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The shape of comet's orbit

  1. Jun 19, 2012 #1

    I read from a calculus book (Larson) that
    shape of comet's orbit is determined by its velocity in following way.

    Ellipse if v < sqrt(2GM/p)
    Parabola if v = sqrt(2GM/p)
    Hyperbola if v > sqrt(2GM/p)
    where p is the distance between one vertex and one focus of the comet's orbit.

    I would like to understand how this is so.
    Could you please help me? Thank you.

    It must have something to do with gravitational force (GMm/r^2)
    and (mv^2)/r,

    but the way to approach it is not apparent to me.

    Thank you.

  2. jcsd
  3. Jun 20, 2012 #2
    If the sum of the kinetic and potential energy is bigger than 0, the object can escape and you get a hyperbola, if it's smaller than you get an ellipse.

    Potential energy is -mMG/r here, so it's zero at infinity.
  4. Jun 20, 2012 #3


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    Note that you can apply this formula at any point of its trajectory. It always compares kinetic energy (1/2mv^2) with the gravitational potential energy (-GMm/r) with the distance r between comet and star.
  5. Jun 20, 2012 #4


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    These formulas only apply at the moment the comet is at a vertex (the sun would be at a focus). Normally escape velocity is based on distance from the object creating the gravitational field:

    ve = sqrt(2GM/r)

    where in this case, r is the distance between the sun and the comet.
    Last edited: Jun 20, 2012
  6. Jun 21, 2012 #5
    Thank you for reminding me everyone, it has been long since I took my mechanics class.
    Right, the escape velocity can be computed by

    potential energy + kinetic energy = 0

    which makes
    v = sqrt(2GM/r).

    But, what causes the difference between hyperbola and parabola?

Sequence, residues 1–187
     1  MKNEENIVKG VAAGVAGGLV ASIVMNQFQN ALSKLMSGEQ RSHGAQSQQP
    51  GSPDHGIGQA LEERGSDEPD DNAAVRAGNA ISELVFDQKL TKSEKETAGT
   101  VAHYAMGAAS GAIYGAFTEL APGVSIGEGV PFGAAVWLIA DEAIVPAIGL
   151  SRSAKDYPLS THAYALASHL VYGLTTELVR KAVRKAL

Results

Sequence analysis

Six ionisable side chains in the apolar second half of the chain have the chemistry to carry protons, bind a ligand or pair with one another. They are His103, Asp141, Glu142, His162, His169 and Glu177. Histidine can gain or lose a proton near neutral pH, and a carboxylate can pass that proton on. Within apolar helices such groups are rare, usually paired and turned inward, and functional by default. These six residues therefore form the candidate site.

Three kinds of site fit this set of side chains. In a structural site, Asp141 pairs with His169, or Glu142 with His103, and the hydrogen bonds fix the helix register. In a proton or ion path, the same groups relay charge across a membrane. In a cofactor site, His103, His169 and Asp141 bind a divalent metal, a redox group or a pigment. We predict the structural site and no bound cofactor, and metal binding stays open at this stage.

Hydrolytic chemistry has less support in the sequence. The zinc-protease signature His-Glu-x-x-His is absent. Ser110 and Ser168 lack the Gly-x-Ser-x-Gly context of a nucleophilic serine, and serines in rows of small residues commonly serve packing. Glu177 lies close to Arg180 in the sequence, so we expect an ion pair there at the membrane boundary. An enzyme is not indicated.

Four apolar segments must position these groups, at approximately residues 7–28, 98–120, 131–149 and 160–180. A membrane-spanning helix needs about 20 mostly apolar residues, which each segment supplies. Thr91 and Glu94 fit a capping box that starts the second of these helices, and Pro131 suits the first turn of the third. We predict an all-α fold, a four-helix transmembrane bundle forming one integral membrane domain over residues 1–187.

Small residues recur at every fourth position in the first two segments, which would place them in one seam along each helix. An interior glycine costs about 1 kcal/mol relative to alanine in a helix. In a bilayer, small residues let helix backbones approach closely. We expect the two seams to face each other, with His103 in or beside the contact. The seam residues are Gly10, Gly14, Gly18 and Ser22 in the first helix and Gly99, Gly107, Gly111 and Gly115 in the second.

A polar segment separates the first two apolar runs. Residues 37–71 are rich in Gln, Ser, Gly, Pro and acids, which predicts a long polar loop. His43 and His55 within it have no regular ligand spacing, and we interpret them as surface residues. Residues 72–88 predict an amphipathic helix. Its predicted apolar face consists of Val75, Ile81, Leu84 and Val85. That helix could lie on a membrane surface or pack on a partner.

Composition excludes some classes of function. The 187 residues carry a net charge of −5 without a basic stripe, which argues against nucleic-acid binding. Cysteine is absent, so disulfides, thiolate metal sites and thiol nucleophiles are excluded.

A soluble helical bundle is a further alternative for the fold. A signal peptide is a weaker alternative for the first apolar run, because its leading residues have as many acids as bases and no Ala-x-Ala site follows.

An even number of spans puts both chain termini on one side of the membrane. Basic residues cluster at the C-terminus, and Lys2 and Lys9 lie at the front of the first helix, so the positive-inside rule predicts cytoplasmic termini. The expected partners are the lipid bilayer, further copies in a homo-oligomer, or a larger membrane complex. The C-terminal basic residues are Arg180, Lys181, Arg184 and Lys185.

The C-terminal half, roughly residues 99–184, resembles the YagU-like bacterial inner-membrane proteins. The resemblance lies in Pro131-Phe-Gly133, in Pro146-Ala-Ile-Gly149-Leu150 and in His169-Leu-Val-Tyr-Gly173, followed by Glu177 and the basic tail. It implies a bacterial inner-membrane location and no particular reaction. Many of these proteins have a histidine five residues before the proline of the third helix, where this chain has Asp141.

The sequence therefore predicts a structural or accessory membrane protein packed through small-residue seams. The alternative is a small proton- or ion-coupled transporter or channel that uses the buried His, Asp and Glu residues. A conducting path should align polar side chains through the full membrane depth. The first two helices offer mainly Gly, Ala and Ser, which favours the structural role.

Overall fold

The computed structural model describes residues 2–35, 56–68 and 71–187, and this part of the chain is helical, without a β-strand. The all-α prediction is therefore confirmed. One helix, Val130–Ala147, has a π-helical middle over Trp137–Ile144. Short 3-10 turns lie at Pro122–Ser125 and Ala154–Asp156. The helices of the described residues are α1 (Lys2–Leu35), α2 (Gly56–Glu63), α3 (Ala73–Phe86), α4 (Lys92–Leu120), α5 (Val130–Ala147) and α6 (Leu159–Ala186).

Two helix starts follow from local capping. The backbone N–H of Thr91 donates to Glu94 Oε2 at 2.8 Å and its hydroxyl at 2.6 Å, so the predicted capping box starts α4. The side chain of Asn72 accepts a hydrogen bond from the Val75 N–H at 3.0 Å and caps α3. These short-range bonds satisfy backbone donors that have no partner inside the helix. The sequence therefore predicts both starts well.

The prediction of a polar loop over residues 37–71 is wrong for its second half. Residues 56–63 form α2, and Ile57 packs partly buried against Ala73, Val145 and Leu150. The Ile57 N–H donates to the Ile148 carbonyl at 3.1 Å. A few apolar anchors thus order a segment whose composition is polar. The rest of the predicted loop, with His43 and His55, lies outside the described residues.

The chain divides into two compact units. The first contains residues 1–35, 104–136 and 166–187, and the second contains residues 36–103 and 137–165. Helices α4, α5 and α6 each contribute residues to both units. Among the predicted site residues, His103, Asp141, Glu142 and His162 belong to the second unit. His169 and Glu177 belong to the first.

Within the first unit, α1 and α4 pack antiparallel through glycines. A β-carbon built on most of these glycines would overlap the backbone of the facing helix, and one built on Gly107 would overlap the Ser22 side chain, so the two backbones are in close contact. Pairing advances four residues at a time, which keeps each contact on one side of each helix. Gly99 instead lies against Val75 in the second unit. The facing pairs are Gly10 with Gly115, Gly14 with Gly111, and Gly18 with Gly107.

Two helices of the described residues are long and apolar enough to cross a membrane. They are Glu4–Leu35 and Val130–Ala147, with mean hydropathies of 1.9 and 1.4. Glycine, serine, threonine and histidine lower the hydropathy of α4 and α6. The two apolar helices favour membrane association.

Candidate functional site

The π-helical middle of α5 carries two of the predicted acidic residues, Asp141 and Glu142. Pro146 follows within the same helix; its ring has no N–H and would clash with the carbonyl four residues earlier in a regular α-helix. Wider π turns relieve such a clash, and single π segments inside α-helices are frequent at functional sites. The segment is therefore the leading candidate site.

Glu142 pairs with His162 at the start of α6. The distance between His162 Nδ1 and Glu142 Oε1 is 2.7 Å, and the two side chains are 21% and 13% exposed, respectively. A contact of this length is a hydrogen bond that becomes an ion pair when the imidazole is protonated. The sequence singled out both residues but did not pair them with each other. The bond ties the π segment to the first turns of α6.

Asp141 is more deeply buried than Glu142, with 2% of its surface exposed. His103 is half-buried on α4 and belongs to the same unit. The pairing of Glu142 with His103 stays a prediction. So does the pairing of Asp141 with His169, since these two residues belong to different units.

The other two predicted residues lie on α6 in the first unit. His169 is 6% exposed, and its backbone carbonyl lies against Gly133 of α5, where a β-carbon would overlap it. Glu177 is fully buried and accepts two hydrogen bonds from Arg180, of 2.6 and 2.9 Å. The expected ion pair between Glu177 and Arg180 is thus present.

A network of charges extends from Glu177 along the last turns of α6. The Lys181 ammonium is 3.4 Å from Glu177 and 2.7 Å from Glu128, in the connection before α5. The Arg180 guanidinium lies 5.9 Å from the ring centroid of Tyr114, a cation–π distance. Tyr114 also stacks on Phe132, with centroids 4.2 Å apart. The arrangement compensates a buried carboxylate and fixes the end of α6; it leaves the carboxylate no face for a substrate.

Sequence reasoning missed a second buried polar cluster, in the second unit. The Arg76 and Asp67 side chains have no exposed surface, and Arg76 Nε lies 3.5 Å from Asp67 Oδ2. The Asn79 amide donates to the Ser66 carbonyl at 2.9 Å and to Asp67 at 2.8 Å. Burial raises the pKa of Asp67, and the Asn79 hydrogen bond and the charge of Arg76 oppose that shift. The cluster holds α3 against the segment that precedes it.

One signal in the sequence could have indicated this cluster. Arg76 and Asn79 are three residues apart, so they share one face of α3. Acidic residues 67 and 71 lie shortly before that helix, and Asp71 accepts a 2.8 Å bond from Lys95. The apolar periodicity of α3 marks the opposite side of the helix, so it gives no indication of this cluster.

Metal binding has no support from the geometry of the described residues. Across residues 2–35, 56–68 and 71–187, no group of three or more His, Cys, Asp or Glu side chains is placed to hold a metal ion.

When comet is moving at exactly escape velocity, why does its orbit look like parabola?
    and look like hyperbola when it is moving at an even faster velocity?

    Thank you.
  7. Jun 21, 2012 #6


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    The parabola is the "limit" of a hyperbola for an angle of 0 between the two asymptotes, and it is the "limit" of an ellipse for an eccentricity of 1.

    This is easier to see if you look at them as conic sections.

    @rcgldr: As stated in my post, you have to use the distance between the two objects in the general case. In one vertex, this distance is equivalent to the distance between vertex and star, of course.
    This neglects the mass of the comet - but if that should be taken into account, other planets are even more important and it gets messy.
  8. Jun 21, 2012 #7

    D H

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    After a bit of work, the gravitational inverse square force reduces to
    [tex]r = \frac{p}{1+e\cos(\theta-\theta_0)}[/tex]
    That's the equation for a conic section (a circle, ellipse, parabola, or hyperbola) with a focus at the origin.
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